If Christmas fare is wearing thin head back into town and straight to NIKLAS HELSINGBORG where the dashing young celebrity chef Niklas Ekstedt devises beautiful winter dishes that please all the senses. The epic wine list matches his Classic French and Mediterranean cuisine where you will detect masterful currents of experimentalism, reminiscent of his time at Charlie Trotter's in Chicago, El Bulli in Barcelona and French Laundry in Yountville, California.
When you are hungry, New York style, book a table at Brooklyn on the square by St. Mary's church. Inspired by the legendary Peter Luger's steakhouse under the Brooklyn Bridge, Chef-Patron Rickard Persson serves whopping Porterhouse and New York strip steaks and lobsters. In the lofty and genteel rooms of the oldest restaurant in Sweden, now home to the Cafe le Fils du Rasoir, you can savor a monstrous, steaming bowl of French onion soup and other French classics. Come in from the cold at the new Copenhagen-style bistro and wine bar, Papi, just off Kullagatan. Designed by esteemed Danish architects Vandkust, the interior features cozy sofa niches where you can nestle in for lunch or glass of wine. On weekends devour wonderful brunches at Papi, Brooklyn, Sofiero or the restaurant in Dunkers.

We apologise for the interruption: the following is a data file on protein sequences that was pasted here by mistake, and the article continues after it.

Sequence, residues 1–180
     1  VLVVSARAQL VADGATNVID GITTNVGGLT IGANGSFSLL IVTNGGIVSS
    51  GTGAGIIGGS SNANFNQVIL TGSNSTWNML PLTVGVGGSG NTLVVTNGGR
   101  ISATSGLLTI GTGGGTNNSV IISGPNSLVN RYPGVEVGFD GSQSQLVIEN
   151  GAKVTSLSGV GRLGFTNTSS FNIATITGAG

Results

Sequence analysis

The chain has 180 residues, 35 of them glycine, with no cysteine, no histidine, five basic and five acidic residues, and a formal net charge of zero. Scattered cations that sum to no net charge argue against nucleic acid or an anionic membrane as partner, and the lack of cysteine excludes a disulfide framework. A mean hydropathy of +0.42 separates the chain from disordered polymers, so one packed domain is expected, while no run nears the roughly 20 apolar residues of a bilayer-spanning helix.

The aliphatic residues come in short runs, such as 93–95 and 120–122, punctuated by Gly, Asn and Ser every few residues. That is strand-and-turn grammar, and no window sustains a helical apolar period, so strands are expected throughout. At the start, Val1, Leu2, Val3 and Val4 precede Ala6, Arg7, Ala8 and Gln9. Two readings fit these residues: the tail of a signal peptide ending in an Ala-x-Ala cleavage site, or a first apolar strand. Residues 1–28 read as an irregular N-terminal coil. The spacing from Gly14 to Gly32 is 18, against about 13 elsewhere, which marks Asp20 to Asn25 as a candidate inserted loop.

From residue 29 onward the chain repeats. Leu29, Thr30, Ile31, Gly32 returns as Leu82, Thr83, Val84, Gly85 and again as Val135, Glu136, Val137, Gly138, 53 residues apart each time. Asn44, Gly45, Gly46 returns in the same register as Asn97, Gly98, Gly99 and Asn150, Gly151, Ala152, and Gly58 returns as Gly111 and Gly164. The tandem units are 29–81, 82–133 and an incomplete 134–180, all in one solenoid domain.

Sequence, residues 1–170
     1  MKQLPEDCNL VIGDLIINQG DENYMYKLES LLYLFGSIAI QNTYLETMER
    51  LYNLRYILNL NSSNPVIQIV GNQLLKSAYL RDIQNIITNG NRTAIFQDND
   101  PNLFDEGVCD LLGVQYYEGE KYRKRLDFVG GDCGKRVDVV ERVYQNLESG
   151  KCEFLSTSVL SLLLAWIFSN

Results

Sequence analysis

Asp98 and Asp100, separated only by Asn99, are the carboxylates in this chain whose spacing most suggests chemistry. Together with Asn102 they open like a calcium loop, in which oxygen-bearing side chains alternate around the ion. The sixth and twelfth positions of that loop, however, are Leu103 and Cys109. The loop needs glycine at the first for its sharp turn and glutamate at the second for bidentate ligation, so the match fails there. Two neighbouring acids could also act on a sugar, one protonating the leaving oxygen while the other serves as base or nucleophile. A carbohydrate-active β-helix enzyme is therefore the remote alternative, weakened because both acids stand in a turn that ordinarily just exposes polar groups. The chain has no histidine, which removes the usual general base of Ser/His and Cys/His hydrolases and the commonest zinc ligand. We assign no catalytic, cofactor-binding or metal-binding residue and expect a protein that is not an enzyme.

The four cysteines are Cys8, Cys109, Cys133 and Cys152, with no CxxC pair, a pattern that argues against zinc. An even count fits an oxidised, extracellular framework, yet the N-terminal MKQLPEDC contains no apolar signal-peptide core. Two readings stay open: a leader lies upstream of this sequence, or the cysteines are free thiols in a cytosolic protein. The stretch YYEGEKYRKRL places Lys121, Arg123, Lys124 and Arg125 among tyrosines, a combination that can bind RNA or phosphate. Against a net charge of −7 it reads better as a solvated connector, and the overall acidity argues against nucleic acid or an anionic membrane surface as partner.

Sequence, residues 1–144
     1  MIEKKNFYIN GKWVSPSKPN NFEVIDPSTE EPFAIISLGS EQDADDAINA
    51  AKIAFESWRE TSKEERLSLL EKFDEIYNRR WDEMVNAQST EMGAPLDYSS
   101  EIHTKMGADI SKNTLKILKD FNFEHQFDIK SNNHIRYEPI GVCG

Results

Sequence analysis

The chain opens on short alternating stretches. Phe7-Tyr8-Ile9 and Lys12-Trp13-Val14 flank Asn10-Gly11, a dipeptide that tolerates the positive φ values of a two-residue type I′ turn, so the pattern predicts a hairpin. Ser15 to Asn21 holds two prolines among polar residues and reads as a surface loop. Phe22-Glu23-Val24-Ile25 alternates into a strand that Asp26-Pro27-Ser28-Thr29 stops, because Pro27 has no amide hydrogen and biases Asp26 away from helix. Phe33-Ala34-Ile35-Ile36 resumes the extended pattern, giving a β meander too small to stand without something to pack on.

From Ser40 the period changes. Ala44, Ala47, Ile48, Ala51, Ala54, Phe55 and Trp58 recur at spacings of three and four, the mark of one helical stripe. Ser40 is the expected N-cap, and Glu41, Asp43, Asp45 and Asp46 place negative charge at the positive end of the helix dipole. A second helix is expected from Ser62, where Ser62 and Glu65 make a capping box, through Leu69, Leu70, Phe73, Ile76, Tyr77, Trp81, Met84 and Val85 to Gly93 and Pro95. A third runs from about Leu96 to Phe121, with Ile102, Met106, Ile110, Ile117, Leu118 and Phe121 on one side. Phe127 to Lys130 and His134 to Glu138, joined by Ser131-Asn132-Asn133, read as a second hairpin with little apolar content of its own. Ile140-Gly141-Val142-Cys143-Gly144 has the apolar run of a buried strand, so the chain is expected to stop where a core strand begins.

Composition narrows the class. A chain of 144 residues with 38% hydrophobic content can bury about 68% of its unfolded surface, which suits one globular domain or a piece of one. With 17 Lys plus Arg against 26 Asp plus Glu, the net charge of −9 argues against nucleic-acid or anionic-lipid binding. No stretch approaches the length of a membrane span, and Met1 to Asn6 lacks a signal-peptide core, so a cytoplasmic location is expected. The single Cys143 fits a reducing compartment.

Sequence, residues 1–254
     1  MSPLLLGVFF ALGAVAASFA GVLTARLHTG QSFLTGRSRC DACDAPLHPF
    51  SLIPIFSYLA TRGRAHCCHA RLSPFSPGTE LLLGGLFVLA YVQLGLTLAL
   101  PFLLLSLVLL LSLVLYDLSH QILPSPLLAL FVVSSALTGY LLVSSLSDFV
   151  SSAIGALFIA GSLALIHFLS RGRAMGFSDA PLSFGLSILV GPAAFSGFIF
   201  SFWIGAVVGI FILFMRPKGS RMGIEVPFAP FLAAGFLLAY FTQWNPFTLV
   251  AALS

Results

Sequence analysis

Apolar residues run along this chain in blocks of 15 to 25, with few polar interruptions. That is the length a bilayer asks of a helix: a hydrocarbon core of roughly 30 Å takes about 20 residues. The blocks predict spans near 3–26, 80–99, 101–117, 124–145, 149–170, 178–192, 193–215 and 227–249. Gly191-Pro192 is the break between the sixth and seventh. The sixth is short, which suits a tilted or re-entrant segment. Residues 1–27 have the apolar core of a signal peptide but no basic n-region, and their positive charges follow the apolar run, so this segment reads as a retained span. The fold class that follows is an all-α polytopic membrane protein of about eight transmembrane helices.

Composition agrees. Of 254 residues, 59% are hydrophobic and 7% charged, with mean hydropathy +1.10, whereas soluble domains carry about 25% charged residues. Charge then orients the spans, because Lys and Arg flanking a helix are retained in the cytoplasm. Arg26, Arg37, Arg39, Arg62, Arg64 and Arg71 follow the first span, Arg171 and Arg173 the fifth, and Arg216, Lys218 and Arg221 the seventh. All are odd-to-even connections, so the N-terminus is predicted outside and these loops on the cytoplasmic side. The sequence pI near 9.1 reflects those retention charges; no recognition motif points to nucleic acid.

The word gourmet originally meant wine taster and at Lagmark on Sundstorget you can live out this meaning at a new shrine to wine, the "Vinotek", that allows guests to sample some of the world's finest wines for a song. The long gallery of stainless steel and glass proffers 40 bottles of fine wine but the doyenne of the collection is the Chateau d'Yquem. A sip of this, the world's most exclusive dessert wine, always seduces first-time tasters. "In 25 years I never sold a bottle and now I sell one or two a week," proprietor Torbjörn Lagmark declares. Lagmark is a foodie mecca that also offers catering, cooking lessons, a gourmet deli and an array of dainty Swedish tapas dubbed gourmetas.
Bask in relaxed ambience at MeNTO on Kullagatan, notably Helsingborg's only Cristal restaurant and where each dish includes something fresh off the grill. Your hosts, award-winning bartender Susann Nilsson and bartender/sommelier Ola Book dazzle with clever concoctions of fresh fruit and flavor fusions inspired by the finer cocktail trends of London. Try the Frisky Bison, an artful union of apple, pear, crushed mint and lemon that is utterly fresh or the lavish pineapple Flirtini spiked with Cointreau and topped up with champagne.